Being in nature does help me feel God's presence. But here, my thoughts are "what a wonderful Creator. What a great God." They are more worshipful than supplicant. And it is good to have that balance. In the midst of my trouble, in the messy moments, it is harder to find the awe. It is more of a sheepish "I need You." I need both.

Friday, June 5, 2009

Jet-lag therapy

Some activities for getting over jet-lag:

1) Creative expression (But don't try anything elaborate if you are feeling testy; you will end up blowing up over things like glue consistency)




2) Seeking beautiful places





3) Communing with Nature (chipmunks are harder to capture on film than squirrels)







4) Mailing letters (Looks like someone else decided to express himself)


Thursday, June 4, 2009

Parents and children

(Or "Fathers and Sons," if I wanted to be literary...)

It was a topic that came up at the dinner table. If a person had been very sheltered in childhood, would he be more or less ready for heading into the "real world"?

The answer may not be as obvious as it seems.

In the recent conference I attended, one of the speakers used her own children as an example. When she gave birth to her son, she went back to work after a few months, leaving him in the care of her husband, mother, and other relatives. Now, the son is very clingy and won't let his mother out of his sight. After giving birth to her daughter, she did not go back to work, but opted to stay at home. She and the daughter were always together. The daughter is now very confident and outgoing.

This illustration was used to show how healthy attachments early in life affect behavior later on. Knowing that one's needs will be met gives one the confidence to step out into the world.

In many cultures, for example, children live with their parents until married. Does this extended togetherness prevent one from becoming independent? Or does the relationship instead provide more opportunities for passing on important skills from one generation to the next?

When American youth leave home at age 18 to enter university, are they more independent than their counterparts elsewhere? Or is childhood merely prolonged as American college students live in trashed dorm rooms, living off microwaved snacks?

Does calling home every day indicate an unhealthy dependency or a healthy bond?

Is it necessary to begin sending a child to school as early as possible, in order to encourage independence and social maturity? Does homeschooling prevent such development?

In many of these cases, individual personalities of both parent and child must be taken into account. But I wonder what general patterns exist.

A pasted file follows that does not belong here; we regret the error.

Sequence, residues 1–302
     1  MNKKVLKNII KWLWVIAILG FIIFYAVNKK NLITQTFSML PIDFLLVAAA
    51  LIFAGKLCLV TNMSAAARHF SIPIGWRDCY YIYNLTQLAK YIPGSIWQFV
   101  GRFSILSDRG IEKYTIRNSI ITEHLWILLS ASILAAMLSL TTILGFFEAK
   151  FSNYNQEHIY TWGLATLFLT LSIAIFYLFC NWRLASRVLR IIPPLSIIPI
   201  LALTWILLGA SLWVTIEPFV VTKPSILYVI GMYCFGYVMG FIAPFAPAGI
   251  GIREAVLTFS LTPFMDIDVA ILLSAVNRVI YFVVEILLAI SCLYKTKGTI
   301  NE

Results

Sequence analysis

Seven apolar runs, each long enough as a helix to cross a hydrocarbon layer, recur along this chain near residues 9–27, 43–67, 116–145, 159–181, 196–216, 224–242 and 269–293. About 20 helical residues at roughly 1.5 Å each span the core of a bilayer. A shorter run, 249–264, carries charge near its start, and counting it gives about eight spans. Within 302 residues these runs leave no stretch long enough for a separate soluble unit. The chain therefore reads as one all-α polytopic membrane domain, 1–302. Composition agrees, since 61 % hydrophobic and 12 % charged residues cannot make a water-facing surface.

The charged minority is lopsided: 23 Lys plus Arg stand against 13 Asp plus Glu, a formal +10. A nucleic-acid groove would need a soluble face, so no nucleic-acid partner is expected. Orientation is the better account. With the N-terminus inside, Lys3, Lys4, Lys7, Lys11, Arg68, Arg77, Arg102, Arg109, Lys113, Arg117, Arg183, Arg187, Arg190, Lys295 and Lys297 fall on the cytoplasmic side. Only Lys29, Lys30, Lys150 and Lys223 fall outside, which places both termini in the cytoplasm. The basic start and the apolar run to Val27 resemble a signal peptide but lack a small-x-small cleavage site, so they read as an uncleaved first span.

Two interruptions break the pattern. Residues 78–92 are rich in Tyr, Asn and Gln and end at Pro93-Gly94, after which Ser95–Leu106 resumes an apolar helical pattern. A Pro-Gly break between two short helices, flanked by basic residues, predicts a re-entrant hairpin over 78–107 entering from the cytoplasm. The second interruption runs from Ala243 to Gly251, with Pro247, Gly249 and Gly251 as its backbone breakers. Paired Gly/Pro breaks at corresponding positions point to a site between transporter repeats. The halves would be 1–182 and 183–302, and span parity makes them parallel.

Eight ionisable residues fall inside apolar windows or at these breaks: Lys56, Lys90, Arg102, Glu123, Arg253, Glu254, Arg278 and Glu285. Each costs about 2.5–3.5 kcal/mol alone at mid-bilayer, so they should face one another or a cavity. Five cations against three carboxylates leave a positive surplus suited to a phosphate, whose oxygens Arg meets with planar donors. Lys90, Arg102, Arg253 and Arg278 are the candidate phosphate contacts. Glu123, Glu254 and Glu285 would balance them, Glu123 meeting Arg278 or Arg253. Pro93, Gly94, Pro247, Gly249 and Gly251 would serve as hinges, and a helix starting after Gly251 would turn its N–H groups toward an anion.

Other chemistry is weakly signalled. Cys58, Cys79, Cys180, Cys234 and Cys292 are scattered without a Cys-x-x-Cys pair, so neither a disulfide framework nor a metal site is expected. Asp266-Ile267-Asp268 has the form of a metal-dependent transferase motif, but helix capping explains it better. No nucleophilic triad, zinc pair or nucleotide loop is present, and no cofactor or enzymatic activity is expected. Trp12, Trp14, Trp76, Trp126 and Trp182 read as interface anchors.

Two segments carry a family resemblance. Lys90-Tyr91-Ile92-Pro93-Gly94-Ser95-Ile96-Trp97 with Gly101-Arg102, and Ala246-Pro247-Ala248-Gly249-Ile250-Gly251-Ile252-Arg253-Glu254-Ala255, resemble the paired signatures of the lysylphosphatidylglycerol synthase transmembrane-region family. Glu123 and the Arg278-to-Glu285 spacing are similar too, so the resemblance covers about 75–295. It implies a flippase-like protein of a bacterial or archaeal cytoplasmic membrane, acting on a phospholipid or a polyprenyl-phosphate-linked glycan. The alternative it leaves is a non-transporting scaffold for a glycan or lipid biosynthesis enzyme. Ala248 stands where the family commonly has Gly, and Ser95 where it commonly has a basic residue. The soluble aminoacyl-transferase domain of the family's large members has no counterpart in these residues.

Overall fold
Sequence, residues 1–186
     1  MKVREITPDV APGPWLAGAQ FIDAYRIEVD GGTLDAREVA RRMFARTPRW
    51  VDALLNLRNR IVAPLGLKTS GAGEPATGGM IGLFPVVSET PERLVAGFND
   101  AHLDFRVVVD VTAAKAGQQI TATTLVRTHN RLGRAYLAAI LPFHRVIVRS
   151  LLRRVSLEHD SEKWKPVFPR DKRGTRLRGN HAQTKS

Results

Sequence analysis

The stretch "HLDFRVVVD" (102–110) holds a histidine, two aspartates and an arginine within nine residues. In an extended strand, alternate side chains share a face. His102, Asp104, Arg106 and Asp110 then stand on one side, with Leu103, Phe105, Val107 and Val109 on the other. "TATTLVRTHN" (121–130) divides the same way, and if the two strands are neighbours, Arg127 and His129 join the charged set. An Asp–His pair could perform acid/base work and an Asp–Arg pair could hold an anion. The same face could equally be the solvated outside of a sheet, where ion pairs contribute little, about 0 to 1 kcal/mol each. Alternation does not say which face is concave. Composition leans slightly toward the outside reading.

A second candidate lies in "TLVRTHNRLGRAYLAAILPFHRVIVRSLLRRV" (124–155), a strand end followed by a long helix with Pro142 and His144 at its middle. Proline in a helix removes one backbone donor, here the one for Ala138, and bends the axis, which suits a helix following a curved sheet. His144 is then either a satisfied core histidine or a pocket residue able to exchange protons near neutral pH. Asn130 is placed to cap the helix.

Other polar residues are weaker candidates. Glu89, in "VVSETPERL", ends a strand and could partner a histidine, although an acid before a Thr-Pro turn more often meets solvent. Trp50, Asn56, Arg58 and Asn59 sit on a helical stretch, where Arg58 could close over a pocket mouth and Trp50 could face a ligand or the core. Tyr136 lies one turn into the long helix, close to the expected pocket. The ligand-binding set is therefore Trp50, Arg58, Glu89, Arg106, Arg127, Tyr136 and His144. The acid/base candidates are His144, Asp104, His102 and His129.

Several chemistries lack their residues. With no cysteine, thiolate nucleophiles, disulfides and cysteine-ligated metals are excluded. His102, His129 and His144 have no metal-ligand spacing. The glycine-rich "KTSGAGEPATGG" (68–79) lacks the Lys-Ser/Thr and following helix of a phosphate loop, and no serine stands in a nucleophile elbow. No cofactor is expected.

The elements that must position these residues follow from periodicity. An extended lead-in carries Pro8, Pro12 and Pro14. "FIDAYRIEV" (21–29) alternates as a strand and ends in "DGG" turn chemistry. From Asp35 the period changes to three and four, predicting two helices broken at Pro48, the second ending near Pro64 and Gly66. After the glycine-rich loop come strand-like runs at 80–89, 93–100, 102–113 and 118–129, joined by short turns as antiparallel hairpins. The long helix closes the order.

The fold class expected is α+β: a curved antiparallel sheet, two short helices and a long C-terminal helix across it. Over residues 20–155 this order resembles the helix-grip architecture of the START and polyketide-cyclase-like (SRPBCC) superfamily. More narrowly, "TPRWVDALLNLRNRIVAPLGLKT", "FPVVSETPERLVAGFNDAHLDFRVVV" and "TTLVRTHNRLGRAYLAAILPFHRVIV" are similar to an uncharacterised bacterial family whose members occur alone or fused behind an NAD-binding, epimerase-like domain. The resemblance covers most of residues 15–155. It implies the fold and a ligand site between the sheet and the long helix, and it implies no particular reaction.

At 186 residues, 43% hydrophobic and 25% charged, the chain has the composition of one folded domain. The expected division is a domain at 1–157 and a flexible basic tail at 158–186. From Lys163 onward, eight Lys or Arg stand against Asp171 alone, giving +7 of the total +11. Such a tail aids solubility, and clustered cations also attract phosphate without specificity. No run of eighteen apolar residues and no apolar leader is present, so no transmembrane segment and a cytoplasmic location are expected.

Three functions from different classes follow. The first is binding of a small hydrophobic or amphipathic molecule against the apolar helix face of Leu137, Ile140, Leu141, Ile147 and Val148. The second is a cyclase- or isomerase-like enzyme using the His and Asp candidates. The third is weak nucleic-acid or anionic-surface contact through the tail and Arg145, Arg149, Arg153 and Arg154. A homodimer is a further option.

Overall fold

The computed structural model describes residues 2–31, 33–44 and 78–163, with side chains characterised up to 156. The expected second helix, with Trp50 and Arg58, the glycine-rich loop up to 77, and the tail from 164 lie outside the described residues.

Wednesday, June 3, 2009

Back in the U.S.

I'm back in Massachusetts until September.

Flying to a different continent doesn't really get easier, but there's nothing I haven't encountered before. It's always the same sequence of events: the packing, lines, security, sitting for hours, jet-lag, etc. But after the recent AirFrance tragedy (which occurred the same day), I don't think I have anything to complain about.

I had a different itinerary this time, and the jet-lag has felt different. Plus, it's summer. No strange wintery darkness to deal with. Just the adjustment to the different sights and sounds.

I've been staring at the computer screen for awhile, so I guess this post isn't going to get any longer...

Monday, June 1, 2009

Travel habits

Whenever I'm getting ready to go on a long trip, I get these bursts of nesting/creativity and start projects that are impossible to finish. I remember one year deciding to make Advent gifts for everyone before leaving for Christmas.

I would like to point out, however, that the projects are not always my idea! They just seem to surface at the last minute.

This time, I was asked to collect the rest of my belongings from the apartment where I used to live. I had left a lot of things behind because I was going from living in a 3-rm flat to a 1-rm.

If I had had time to sort through it all, I would have found that I could give most of it away, or box it up nicely and ask someone to store it on their porch. Key word being "time." Some of it I had to just dump back into plastic bags and hide under the furniture.



It was actually fun to be reunited with some interesting items, like all the change from when I first moved to Russia and was very clumsy with counting out unfamiliar currency. I also got my beads, which came in handy for visiting the orphanage. And there are also the odd mementos such as receipts from shopping in Spain, that I just can't bear to throw away yet.

I also embarked on a few cooking adventures. A few days ago I had the sudden urge to make calzones. Every time I make something like that, I think, never again. So much time for something that you gobble up quickly!




Then there were the elaborate Sunday school props. You get the idea. But I'm actually storing up creative energy for summer. I have a few art projects planned.

And now, here I am blogging. Time to go finish packing!